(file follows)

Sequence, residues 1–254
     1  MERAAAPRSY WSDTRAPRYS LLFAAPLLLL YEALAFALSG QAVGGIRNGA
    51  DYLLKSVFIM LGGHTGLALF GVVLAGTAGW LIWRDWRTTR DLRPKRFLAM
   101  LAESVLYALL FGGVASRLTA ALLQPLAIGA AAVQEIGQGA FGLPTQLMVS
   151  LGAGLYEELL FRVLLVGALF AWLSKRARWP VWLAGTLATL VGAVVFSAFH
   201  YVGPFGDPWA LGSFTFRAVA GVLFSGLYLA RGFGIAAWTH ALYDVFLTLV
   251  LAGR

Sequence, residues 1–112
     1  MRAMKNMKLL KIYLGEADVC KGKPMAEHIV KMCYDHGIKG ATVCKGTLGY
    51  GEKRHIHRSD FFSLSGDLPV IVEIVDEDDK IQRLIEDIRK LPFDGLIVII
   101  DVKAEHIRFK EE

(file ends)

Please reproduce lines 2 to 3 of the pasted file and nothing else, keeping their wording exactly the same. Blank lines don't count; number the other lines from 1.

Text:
     1  MERAAAPRSY WSDTRAPRYS LLFAAPLLLL YEALAFALSG QAVGGIRNGA
    51  DYLLKSVFIM LGGHTGLALF GVVLAGTAGW LIWRDWRTTR DLRPKRFLAM